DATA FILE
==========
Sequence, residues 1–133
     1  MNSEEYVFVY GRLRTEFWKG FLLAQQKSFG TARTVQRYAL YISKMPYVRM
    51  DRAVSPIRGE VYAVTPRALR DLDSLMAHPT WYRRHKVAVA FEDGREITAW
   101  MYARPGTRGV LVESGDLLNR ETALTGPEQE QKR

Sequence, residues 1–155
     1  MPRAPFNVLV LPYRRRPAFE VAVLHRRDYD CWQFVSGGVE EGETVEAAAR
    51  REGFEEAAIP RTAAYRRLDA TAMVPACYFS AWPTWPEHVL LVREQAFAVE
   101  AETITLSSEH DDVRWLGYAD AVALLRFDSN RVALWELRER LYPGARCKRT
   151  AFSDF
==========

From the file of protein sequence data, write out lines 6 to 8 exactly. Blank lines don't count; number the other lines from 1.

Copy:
     1  MPRAPFNVLV LPYRRRPAFE VAVLHRRDYD CWQFVSGGVE EGETVEAAAR
    51  REGFEEAAIP RTAAYRRLDA TAMVPACYFS AWPTWPEHVL LVREQAFAVE
   101  AETITLSSEH DDVRWLGYAD AVALLRFDSN RVALWELRER LYPGARCKRT